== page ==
Biomaterials Enhanced Regeneration of the Human Cornea: From Bench to Bedside
Our overall objective is to develop new biomimetic materials that support the regeneration of diseased or damaged corneas as an alternative to the use of human donor allograft corneas, which are in short supply in many countries, for transplantation. We have developed a range of biointeractive materials and one of these iterations was inplanted into 10 patients in a Phase I clinical study. At 24 months post-operative, six of the ten patients could see four times further than before the operation. With the help of rigid contact lenses – the results in all ten patients were similar to what the traditional corneal transplant with human donor tissue would be, with one patient achieving 20/20 vision and two others with 20/25 vision. At 4 years post-operative, the implants continue to be stable. Significantly, there were fewer inflammatory cells in biosynthetic implants observed than in donor allografts.
However, these EDC-crosslinked corneas were not suitable in alkali-burnt corneas, unlike collagen-MPC corneas that appeared to block neovascularuzation. While able to withstand neovascularization, they were also able to support the regeneration of the different nerve sub-types in the cornea. In addition, they could be modified to release drugs for high risk transplantation. We have EU ERA-net nanomedicine funding for this project, I-CARE.
- Hackett, J.M., Lagali, N., Merrett, K., Edelhauser, E., Sun, Y., Gan, L, Griffith, M.,* and Fagerholm, P.* (2011) Biosynthetic corneal implants for replacement of pathologic corneal tissue: performance in a controlled rabbit alkali burn model. Invest. Ophthalmol. Vis. Sci. 52: 651-657 (* denotes equal contribution).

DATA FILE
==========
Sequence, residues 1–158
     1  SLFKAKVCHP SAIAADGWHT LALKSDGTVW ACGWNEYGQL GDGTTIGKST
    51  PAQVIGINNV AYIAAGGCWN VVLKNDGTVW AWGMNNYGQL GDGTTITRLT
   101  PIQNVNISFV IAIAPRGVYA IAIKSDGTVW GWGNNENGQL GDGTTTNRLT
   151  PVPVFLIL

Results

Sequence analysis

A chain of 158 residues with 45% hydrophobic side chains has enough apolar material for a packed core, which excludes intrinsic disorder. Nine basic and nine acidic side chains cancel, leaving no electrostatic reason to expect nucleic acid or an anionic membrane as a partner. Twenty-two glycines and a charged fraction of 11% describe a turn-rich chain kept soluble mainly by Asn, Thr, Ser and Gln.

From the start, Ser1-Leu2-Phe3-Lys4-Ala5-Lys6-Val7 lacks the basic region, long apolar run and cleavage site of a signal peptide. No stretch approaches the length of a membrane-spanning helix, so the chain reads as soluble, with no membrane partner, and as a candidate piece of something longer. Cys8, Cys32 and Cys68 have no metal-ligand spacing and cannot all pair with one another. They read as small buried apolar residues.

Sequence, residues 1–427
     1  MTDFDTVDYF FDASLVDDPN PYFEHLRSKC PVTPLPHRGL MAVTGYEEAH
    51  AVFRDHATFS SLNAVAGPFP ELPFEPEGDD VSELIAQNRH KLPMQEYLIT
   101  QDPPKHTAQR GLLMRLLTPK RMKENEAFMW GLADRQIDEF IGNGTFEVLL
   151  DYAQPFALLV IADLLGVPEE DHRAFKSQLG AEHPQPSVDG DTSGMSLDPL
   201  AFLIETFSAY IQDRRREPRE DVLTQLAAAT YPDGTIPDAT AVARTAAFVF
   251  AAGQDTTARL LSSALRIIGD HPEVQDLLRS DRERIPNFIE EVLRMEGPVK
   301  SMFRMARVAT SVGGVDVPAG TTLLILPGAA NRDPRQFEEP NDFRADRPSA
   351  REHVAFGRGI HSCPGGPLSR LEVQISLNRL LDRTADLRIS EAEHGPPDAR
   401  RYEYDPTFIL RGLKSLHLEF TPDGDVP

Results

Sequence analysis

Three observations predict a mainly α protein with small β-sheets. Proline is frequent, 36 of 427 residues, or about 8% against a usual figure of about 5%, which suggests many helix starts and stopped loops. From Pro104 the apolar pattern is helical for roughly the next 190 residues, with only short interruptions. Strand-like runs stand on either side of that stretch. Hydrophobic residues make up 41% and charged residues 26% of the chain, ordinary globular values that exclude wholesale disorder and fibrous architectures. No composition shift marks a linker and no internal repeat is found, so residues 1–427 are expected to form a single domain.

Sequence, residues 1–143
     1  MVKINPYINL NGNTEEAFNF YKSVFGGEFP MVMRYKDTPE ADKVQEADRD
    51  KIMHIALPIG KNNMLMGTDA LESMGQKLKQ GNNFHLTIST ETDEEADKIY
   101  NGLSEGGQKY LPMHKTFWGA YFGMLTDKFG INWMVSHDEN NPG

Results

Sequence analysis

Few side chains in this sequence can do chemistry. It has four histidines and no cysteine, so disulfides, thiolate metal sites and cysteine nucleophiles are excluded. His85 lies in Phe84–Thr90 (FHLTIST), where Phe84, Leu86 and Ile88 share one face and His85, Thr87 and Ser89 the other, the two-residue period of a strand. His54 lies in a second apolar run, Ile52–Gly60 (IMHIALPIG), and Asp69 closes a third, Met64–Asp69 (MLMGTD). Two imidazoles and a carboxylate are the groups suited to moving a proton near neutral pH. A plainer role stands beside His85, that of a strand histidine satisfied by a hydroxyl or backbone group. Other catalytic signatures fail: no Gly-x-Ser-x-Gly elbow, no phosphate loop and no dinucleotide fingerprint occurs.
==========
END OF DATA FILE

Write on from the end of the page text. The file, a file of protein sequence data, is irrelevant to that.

- Fagerholm, P., Lagali, N.S., Merrett, K., Jackson, W.B., Munger, R., Liu, Y., Polarek, J.W., Söderqvist, M. and Griffith, M. (2010) A biosynthetic alternative to human donor tissue for inducing corneal regeneration: performance in a controlled rabbit alkali burn model. Sci Transl Med. 2(46):46ra61.
- Bareiss, B., Ghorbani, M., Li, F., Blake, J.A., Scaiano, J.C., Zhang, J., Deng, C., Merrett, K.,Harden, J., Diaz-Mitoma, F. and Griffith, M. (2010) Controlled release of acyclovir through bioengineered corneal implants with silica nanoparticle carriers. Open Tissue Eng Regen Med J. 3: 10-17.
- McLaughlin, C.R., Acosta, C.M., Luna, C., Liu, W., Belmonte, C, Griffith, M*., and Gallar, J* (2010) Regeneration of Functional Nerves within Full Thickness Collagen-Phosphorylcholine Corneal Substitute Implants in Guinea Pigs. Biomaterials 31: 2770-2778. (* denotes equal contributions; Griffith-corresponding author).
- Liu, W., Deng, C., McLaughlin, C.R., Fagerholm, P., Watsky, M.A., Heyne, B., Scaiano, J.C., Lagali, N.S., Munger, R., Li, F. and Griffith, M. (2009) Collagen-phosphorylcholine interpenetrating network hydrogels as corneal substitutes. Biomaterials 30: 1551-1559.
- Dravida, S., Gaddipati, S., Griffith, M., Merrett, K., Lakshmi, S., Sangwan, V.S., Vemuganti, G.K. (2008) A biomimetic scaffold for culturing limbal stem cells: Promising alternative for clinical transplantation. J. Tissue Eng. Regen. Med. 2: 263-271.
- Merrett, K., Fagerholm, P., McLaughlin, C.R., Dravida, S., Lagali, N., Shinozaki, N., Watsky, M.A., Munger, R., Kato, Y., Li, F., Marmo, C.J. and Griffith, M. (2008) Tissue engineered recombinant human collagen-based corneal substitutes for implantation: performance of type I versus type III collagen. Invest. Ophthalmol. Vis. Sci. 49: 3887-3894.
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